Prison inmates picking fruit on a farmOdds are, you have at least some prisoner-picked fruits or vegetables in your fridge right now. Yep, farmers are turning to prison inmates to pick apples, watermelons, potatoes and more because they can’t find anyone else to gather their produce.

It all goes back to Republican efforts to stop undocumented immigrants from working and living in the United States. “They take our jobs!” was the conservative rallying cry. Well, it turns out that nobody else actually wanted those jobs, so now inmates have been called in to pick up the slack.

“There’s not a farm labor shortage; there’s a broken immigration system,” said Adrienne DerVartanian of Farmworker Justice in an interview with TakePart. “The solution is not to replace the current workforce but to give them the ability to work in agriculture.”

Not only is a farming one of the most dangerous jobs around — backbreaking labor, pesticide exposure and blistering heat can sicken even the toughest worker — but farmhands are grossly underpaid, sometimes making about half the minimum wage without earning a dime of overtime pay.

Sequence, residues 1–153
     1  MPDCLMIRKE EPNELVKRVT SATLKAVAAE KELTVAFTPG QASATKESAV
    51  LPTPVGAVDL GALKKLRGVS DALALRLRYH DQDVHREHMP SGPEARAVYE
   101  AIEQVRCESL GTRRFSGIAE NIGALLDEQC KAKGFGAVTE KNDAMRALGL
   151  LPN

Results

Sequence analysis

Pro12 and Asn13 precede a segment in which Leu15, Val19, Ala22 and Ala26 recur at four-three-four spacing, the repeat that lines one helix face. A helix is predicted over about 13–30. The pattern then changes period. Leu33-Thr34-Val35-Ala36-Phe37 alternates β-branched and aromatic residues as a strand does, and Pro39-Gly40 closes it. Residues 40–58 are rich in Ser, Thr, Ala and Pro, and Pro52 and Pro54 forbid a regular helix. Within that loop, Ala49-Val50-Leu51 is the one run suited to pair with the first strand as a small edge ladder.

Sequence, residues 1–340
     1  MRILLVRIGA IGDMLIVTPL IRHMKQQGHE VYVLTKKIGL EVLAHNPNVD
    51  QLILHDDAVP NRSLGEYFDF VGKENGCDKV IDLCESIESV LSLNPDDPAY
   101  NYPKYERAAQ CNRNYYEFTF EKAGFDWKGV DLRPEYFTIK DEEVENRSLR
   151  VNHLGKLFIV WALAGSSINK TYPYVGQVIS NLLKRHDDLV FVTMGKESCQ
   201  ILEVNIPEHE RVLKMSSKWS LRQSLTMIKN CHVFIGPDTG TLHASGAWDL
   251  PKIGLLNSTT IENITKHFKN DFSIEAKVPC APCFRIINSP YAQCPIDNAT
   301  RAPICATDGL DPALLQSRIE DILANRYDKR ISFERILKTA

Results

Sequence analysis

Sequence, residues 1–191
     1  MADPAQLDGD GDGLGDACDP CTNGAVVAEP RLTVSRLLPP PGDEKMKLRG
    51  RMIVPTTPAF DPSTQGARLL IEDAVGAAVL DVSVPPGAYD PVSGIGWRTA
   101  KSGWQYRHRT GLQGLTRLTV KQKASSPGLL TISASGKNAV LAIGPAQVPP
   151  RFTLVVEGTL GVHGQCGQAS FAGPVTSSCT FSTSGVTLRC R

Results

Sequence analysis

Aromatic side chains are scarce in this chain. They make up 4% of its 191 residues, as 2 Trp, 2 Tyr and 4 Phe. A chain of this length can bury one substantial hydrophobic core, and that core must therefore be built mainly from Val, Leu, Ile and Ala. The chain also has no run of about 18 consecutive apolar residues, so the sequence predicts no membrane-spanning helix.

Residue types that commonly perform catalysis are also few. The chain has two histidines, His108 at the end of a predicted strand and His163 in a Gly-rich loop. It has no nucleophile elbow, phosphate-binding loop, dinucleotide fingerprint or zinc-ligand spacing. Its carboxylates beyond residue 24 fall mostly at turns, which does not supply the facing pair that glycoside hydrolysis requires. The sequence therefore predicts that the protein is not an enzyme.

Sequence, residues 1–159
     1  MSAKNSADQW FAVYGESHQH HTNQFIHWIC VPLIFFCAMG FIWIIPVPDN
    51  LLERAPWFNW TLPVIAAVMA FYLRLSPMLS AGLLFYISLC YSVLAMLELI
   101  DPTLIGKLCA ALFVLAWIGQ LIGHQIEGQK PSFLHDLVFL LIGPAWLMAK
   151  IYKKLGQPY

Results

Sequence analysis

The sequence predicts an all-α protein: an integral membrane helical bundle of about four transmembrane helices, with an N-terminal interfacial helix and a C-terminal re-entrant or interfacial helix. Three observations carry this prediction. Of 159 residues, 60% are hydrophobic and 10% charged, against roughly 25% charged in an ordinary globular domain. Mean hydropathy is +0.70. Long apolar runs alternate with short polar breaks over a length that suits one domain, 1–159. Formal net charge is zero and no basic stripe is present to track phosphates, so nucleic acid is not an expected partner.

Undocumented immigrants were willing to take this grueling work for lack of better options. They deserved an increase in safety standards and a big, fat raise. Instead, they’ve been removed from the workforce completely.

Enter prison-to-farm programs, a quick fix for the shortage.

The prisoners net a buck or two an hour, but farm owners aren’t seeing the savings. On one Washington apple orchard, the growers paid $22 an hour per inmate, including transportation, security and housing. They paid the workers themselves minimum wage, although those paychecks were skimmed for crime compensation, incarceration costs and other fees.

On the bright side, some prisoners seem pretty darned happy to get out of the big house for picking season. It’s hard work, but it makes them proud. “We’ve all done some wrong things in our lives. Now we’re doing some right things,” said inmate Daniel Walker in an interview with The Seattle Times. Walker’s program is voluntary, which helps explain his attitude. 

But how long can this continue — and why should it? Strong, capable people want those jobs, and they should get them instead of being forced out of the country like sub-humans. That’s just not how decent people treat each other.

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